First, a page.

Carmen Opera Review – A Triumphant Treat

Carmen at the Lyric Opera of Chicago
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Opera’s legendary femme fatale returns to Lyric Opera of Chicago with Bizet’s famous and classic Carmen (March 11 – April 7, 2023), starring J’Nai Bridges, a leading interpreter of the famous title role and a singer with deep Chicago roots. Bridges is a two-time Grammy Award winner, has appeared in more than 15 productions at Lyric, and continues to shine as an unparalleled talent in opera.

J’Nai Bridges (Carmen) and Charles Castronovo (Don José)

She is known as the “Beyoncé of the opera world.” An alumna of Lyric’s Patrick G. and Shirley W. Ryan Opera Center training program and a Kennedy Center Next 50 cultural leader, the mezzo-soprano makes her triumphant return to the Lyric stage. Bridges shines as Carmen in the current Lyric production of the beloved opera. Her performance is powerful, beautiful and strong. She sings and acts with an air of confidence and impressive, raw emotion. Bridges can do no wrong in this role. Her Carmen is free-spirited and strong!

J’Nai Bridges (Carmen)

Along with Bridges, a perfect cast carried the show from start to finish including extremely talented and internationally acclaimed tenor, Charles Castronovo as Don José, Carmen’s jealous lover and South African soprano, Golda Schultz as Micaëla in her Lyric debut. Schultz’s lovely, lyrical soprano voice and stage presence was amazing. Her best scene was during Act 1 when she delivers a letter to Don José from his mother. The emotion delivered by both actors and the chemistry was very apparent. As for Schultz, her voice is smooth as silk, leaving you in a trance as you listen. You end up not really caring about the subtitles when you hear her luscious voice singing in French. The rest of the ensemble is a power punch of talent. 

Charles Castronovo (Don José) and Golda Schultz (Micaëla)

Carmen is one of my favorite operas: You get exceptionally beautiful and iconic music, complete with adventure, drama and romance. It is also an opera that demands high expectations for singing voices and acting. The entire cast lives up to that high demand. 

J’Nai Bridges (Carmen) and Ensemble

Besides the perfect cast, the costumes and stage design are impeccable. The colorful costumes seem to get more and more elaborate as the show goes on. This is especially apparent in Act lV. The beginning of the act is bright, lively and celebratory with confetti that adds color to the brown background. Then gradually, the scene is made dark with the closing of the red doors and the lowering of the gates. As the tone moves from celebration to tragedy, the set does as well.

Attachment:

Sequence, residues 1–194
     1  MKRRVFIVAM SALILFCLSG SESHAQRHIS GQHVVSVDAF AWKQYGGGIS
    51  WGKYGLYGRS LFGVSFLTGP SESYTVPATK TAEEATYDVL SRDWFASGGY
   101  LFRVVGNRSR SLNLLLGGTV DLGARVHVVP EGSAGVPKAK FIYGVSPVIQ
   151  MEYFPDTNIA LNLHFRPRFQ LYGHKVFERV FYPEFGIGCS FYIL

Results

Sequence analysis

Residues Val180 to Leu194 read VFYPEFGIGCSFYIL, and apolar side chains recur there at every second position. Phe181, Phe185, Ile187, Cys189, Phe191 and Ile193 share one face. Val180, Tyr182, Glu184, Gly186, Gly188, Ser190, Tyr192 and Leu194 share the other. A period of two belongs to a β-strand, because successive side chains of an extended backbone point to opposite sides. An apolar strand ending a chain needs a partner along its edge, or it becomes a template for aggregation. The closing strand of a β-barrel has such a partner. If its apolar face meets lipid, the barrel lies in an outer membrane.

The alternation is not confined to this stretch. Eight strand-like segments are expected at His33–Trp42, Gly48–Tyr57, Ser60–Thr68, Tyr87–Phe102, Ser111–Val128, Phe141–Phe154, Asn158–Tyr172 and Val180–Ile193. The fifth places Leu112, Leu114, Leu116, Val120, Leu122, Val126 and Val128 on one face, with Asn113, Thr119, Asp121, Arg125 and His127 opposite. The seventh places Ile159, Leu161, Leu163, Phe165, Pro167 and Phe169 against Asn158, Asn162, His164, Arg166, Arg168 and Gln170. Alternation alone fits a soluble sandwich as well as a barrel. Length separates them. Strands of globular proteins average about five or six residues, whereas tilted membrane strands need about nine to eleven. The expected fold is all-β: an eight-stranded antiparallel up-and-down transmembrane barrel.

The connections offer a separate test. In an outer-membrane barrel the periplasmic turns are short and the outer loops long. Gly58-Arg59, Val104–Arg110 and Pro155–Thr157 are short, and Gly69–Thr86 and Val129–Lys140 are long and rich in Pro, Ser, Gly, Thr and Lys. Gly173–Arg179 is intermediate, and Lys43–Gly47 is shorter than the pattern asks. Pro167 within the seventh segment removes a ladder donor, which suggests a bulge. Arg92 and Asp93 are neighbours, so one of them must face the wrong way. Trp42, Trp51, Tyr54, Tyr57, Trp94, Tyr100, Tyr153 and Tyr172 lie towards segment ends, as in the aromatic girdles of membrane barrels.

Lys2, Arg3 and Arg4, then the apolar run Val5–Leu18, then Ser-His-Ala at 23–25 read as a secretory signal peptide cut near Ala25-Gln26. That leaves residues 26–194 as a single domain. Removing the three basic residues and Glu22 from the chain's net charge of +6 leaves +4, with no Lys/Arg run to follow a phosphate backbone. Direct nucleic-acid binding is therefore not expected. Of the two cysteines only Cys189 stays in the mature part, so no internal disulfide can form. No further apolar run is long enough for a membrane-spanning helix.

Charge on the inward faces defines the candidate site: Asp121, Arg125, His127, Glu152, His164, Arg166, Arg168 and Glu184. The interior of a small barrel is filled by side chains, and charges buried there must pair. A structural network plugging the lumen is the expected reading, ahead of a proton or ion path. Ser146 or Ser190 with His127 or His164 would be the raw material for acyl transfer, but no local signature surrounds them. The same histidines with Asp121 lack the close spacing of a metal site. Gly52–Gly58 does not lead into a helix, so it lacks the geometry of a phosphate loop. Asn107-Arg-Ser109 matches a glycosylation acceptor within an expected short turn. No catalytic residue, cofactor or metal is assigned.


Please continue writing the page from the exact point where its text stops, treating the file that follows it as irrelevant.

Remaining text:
Andrei Kymach (Escamillo) and Ensemble

The opera is a delightful feast for the eyes, such as in Act lll, where you witness the optical illusion of the lights slowly being introduced as the orchestra is playing. It is night time, and the cast is sleeping high in the mountains, with the moon shining above them. The opening scene is similar to a 2D painting, which features the painting slowly coming into view. The actors remain motionless, so there was no betraying the 2D illusion until the transparent screen is lifted. 

J’Nai Bridges (Carmen) and Charles Castronovo (Don José)

There are also various global themes and problems  in Carmen that I think echo today’s troubles, such as women’s rights, domestic violence, etc. These difficult themes are handled well on stage. Carmen is a different opera that hits differently based on the accepted level of violence in society. The audience brings their own impressions as well. For example, the opening with Micaela fending off the soldiers can be uncomfortable for some to watch, but people in the audience are able to appreciate the humor in the situation. It is a reminder that women often have to think more about their safety when around men – she has to find an opening to run away to safety. 

J’Nai Bridges (Carmen) and Charles Castronovo (Don José)

Though beautiful in every aspect, Carmen is a haunting reminder that even centuries later, a female often has to think more about their own safety when around men. This is evident in the final scene when juxtaposed with the opening, as the audience feels the tension, and is able to judge that the situation is no laughing matter.

Photos: Todd Rosenberg

For more information on Carmen or to purchase tickets, please visit the Lyric Opera website


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